"When young, avoid Shu," is modernized beautifully, I think, with the words of JRA, who considered joining us but having visited last summer decided against it, saying "I want to go back to Chengdu with something to do."
Touché, Hong Kong. An auspicious start to an inauspicious journey - 12-hour time change, 90F heat ("real feel" 106F) with intense humidity sporadic thunderstorms and scattered existential crises. Today, rough food poisoning from bad dim sum...don't eat the noodle wrapped beef-substance...shoulda known better, shoulda known better...
It is odd to come so far and have so little change. English is essentially the first language and both city centers on either side of the harbor are a jumble of covered-walkway connected, air-conditioned shopping malls hawking gaudy wares. Decadent high rises juxtaposed against a decaying sprawl of residential towers a stones throw off the beaten path. It is overwhelming and we haven't scratched the surface and I don't think we could even if we wanted to stay long enough to try.
My friend, MH, who has been living in Chengdu for the past two years (we fly out to meet him there on Sunday) says, among other things, "Hong Kong is fucking awesome (...) Go to Chung King mansions on Nathan Rd for dope Indian food and an object lesson in globalization." So it is (in its way) and so we did and the baingan bhartha was indeed dope and the lessons have been nothing if not object.
We visited a "quaint fishing village" on the south end of Hong Kong Island named for a Brit of rather high esteem to find a freshly-minted shopping mall and I started to say he must be rolling over in his grave but quickly realized he'd probably have wanted it this way.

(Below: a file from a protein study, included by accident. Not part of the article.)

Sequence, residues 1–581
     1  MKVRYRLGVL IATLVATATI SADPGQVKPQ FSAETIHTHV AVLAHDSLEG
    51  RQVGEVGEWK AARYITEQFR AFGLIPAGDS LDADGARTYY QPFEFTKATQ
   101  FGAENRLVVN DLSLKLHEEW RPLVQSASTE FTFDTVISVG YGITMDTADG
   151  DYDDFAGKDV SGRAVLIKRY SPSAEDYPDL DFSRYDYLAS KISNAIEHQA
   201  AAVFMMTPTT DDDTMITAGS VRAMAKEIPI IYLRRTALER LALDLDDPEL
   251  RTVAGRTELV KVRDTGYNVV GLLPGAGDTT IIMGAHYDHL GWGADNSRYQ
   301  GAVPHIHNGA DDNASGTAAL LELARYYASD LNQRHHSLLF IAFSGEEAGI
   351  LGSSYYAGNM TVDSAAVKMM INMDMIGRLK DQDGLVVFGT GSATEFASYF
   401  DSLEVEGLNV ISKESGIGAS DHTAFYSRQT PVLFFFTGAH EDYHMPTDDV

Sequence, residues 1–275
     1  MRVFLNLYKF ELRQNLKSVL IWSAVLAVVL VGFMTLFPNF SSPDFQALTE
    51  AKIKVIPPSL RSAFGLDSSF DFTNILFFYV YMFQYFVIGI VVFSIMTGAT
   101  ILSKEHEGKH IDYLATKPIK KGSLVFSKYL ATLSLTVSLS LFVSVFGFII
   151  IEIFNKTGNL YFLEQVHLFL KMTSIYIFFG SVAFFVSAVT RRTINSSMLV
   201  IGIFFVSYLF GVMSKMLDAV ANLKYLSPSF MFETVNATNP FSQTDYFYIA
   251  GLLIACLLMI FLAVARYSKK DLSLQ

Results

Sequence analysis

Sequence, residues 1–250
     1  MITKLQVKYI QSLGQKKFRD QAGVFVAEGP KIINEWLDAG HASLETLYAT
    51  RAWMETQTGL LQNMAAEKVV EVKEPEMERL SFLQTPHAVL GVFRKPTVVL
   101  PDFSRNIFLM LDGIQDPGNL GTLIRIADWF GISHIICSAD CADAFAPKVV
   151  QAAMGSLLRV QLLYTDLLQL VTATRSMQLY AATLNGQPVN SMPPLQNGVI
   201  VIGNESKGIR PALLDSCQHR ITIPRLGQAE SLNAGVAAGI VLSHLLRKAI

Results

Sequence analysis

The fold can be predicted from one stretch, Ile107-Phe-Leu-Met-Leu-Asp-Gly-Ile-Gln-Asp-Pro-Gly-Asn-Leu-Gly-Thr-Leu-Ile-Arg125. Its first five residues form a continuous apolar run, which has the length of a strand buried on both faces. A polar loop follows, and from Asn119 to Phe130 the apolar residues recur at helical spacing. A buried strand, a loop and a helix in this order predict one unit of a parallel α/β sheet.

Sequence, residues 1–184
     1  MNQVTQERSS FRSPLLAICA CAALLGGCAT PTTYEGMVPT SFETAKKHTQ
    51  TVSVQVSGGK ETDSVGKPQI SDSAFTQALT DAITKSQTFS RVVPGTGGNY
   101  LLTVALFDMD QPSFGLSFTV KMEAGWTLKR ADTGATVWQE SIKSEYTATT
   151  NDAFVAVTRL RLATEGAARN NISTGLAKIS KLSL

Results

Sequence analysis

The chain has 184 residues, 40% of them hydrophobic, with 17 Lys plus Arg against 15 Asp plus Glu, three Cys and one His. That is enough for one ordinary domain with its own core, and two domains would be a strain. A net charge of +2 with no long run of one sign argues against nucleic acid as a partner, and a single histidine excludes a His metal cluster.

We took a tram to "THE PEAK," which boasts insane views of the city, a few extravagant hilltop estates and a nice walking trail and, upon exiting the trolley, found another shopping mall.
I puked into the toilet this afternoon and when I got in real close, through eyes both bleary and bloodshot, I could just barely make out a man with a shovel breaking ground on a new, bigger and better, gilded and spotless, a dozen food courts and enough linen to reroute a river - truly the shopping mall to end all shopping malls - and to think, it all started with some soy sauce, spicy mustard, rice-noodle and an amalgam of beef-parts that all the king's horses and all the king's men, even with a thousand years and the blessings of their gods, could not have reconstituted into a cow. Some things are permanent and others just last a long time.
CB, my lovely companion, has just asked for some salt (she's eating bread and cucumber in bed, recovering from the dim sum) and I will bring her the pepper too because my mother taught me to always keep them together and it's the little things, goddamnit.
Leaving in a week for Hong Kong then mainland China then we don't know. Posting a few preliminary shots with my new camera as a trial run for editing and posting using a tablet. It is an imperfect system, but I WON'T GO LAPTOP.
Packing for China is bizarre. It feels like I'm bringing a lot of things home.
The Bishop Of Saint Marks
You Probably Want The Pig
Rucker Park with Ladies Love Cool J
I disconnect and spin // while you strip the mannequin